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  • Valproic acid in experimental and clinical SAH: Neuroprotective?

    Final Number:

    Michael K. Tso MD; Jinglu Ai; R Loch Macdonald MD PHD FRCS FAANS

    Study Design:

    Subject Category:

    Meeting: Congress of Neurological Surgeons 2014 Annual Meeting

    Introduction: Subarachnoid hemorrhage (SAH) is associated with substantial morbidity and mortality. New treatments are needed. Valproic acid (VPA) is an antiepileptic drug with multiple mechanisms of action, including the ability to alter the cellular transcription apparatus as a histone deacetylase inhibitor. VPA may be beneficial in SAH.

    Methods: Fifty male C57Bl/6J mice were randomly allocated to 4 groups: SAH (n=13), SAH + VPA treatment (n=13), Sham (n=12), and Sham + VPA treatment (n=12). SAH was induced using a pre-chiasmatic injection model. Mice were administered intraperitoneal injections of 400mg/kg VPA or saline vehicle after the procedure, every 12 hours for the first 48 hours, followed by daily injections up to 7 days. Global neurobehavioral assessments were made at 24 hours and 48 hours using the modified Garcia score [2]. Spatial memory and anxiety were assessed using modified versions of the Morris water maze (days 3-7) and open field test (day 7), respectively. To investigate the clinical effects of VPA in SAH, we used propensity score matching in patients enrolled in CONSCIOUS-1, a randomized controlled trial studying the effects of clazosentan on angiographic vasospasm after SAH.

    Results: SAH mice demonstrated significantly worse acute neurobehavioral scores (ANOVA, p<0.05) and impaired spatial memory (ANOVA, p<0.05), which were both improved with VPA treatment. Anxiety was not affected by SAH or VPA in our animal model. When compared to control SAH patients with similar covariate status (n=20), the CONSCIOUS-1 data suggests that SAH patients treated with VPA (n=19) may have had less risk of overall death and less risk of poor outcome (National Institute of Health Stroke Scale, NIHSS>=10) at 6 weeks, although not quite reaching statistical significance (p=0.139 and p=0.135, respectively).

    Conclusions: VPA improves neurological outcomes in an animal model of SAH and may be beneficial to SAH patients beyond merely preventing and treating seizures.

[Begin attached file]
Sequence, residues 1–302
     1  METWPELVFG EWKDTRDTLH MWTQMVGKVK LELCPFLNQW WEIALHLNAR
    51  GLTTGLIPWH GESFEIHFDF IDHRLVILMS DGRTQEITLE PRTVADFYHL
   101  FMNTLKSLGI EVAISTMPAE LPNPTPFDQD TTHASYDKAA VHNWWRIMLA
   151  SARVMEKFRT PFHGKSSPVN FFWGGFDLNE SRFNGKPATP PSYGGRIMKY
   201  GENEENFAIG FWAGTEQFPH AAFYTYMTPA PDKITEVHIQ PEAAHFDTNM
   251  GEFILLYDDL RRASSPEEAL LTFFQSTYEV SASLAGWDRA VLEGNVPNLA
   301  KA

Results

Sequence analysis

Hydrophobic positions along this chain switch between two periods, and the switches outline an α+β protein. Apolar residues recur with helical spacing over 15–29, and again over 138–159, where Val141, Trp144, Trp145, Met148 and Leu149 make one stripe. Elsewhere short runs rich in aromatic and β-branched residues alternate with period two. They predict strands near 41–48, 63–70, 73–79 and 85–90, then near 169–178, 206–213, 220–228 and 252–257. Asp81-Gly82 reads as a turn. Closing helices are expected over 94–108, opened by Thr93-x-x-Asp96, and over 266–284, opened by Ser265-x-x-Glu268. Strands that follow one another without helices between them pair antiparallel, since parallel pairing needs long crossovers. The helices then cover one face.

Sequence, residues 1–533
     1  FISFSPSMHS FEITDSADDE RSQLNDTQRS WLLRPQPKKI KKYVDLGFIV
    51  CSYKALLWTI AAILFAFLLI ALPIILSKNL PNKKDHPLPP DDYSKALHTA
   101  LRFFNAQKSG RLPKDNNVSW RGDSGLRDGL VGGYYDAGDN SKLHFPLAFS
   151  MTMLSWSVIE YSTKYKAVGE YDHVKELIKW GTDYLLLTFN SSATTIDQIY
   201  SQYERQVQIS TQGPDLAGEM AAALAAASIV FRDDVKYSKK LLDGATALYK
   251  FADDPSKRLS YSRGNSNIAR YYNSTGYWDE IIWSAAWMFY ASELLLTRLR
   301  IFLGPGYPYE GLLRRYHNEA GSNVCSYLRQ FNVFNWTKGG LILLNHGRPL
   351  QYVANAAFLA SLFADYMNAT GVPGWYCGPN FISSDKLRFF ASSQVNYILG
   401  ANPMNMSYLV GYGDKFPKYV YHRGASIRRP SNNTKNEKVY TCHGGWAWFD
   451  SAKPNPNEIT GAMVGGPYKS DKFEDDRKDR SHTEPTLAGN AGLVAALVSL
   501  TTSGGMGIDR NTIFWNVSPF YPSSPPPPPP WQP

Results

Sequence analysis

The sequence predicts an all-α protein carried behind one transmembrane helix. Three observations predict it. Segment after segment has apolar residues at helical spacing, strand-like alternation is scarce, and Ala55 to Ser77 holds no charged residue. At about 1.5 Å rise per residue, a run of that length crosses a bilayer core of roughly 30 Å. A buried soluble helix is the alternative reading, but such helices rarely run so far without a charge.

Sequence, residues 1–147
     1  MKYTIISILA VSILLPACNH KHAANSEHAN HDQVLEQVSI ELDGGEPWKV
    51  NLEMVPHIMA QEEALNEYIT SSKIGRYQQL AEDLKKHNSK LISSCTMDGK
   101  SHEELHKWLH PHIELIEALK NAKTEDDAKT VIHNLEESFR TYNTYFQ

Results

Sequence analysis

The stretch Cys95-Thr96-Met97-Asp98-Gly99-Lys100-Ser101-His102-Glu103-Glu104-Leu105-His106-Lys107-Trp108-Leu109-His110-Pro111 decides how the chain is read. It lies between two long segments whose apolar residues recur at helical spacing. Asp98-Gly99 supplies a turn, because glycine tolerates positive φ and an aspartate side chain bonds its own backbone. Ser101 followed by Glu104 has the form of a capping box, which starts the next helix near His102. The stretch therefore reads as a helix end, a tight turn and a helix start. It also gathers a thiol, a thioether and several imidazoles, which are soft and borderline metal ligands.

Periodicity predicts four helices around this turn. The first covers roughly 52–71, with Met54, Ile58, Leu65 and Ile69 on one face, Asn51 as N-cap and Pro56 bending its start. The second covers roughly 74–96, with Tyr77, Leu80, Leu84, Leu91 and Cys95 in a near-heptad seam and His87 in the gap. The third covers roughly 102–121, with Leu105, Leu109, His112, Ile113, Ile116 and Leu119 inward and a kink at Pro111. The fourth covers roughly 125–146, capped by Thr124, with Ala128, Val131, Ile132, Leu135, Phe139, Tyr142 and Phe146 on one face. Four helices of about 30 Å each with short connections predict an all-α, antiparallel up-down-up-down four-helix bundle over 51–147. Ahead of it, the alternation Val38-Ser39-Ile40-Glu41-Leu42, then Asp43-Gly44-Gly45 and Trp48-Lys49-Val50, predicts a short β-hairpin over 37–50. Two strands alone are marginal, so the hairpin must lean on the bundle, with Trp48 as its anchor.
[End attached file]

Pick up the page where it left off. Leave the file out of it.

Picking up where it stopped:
Patient Care: Addresses the need for new therapies for SAH.

    Learning Objectives: By the conclusion of this session, participants should be able to 1) describe the use of various behavioral tests in assessing neurological outcomes in animal models; 2) discuss the use of propensity score matching in the post hoc analysis of randomized controlled trial data; and 3) identify valproic acid as a potential therapy not just for preventing and treating seizures, but also to improve neurological outcome after SAH.

    References: 1. Sabri M, Jeon H, Ai J, Tariq A, Shang X, Chen G, & Macdonald RL (2009) Anterior circulation mouse model of subarachnoid hemorrhage. Brain Res. 1295:179-185. 2. Sherchan P, Lekic T, Suzuki H, Hasegawa Y, Rolland W, Duris K, Zhan Y, Tang J, & Zhang JH (2011) Minocycline improves functional outcomes, memory deficits, and histopathology after endovascular perforation-induced subarachnoid hemorrhage in rats. J. Neurotrauma. 28:2503-2512. 3. Jeon H, Ai J, Sabri M, Tariq A, & Macdonald RL (2010) Learning deficits after experimental subarachnoid hemorrhage in rats. Neuroscience. 169:1805-1814. 4. Prut L, & Belzung C (2003) The open field as a paradigm to measure the effects of drugs on anxiety-like behaviors: a review. Eur J Pharm. 463:3-33. 5. Macdonald RL, Kassell NF, Mayer S, Ruefenacht D, Schmiedek P, Weidauer S, Frey A, Roux S, Pasqualin A (2008) Clazosentan to overcome neurological ischemia and infarction occurring after subarachnoid hemorrhage (CONSCIOUS-1): randomized, double-blind, placebo-controlled phase 2 dose-finding trial. Stroke. 39:3015-3021. 6. Rubin DB (1997) Estimating causal effects from large data sets using propensity scores. Ann Intern Med. 127:57-763.

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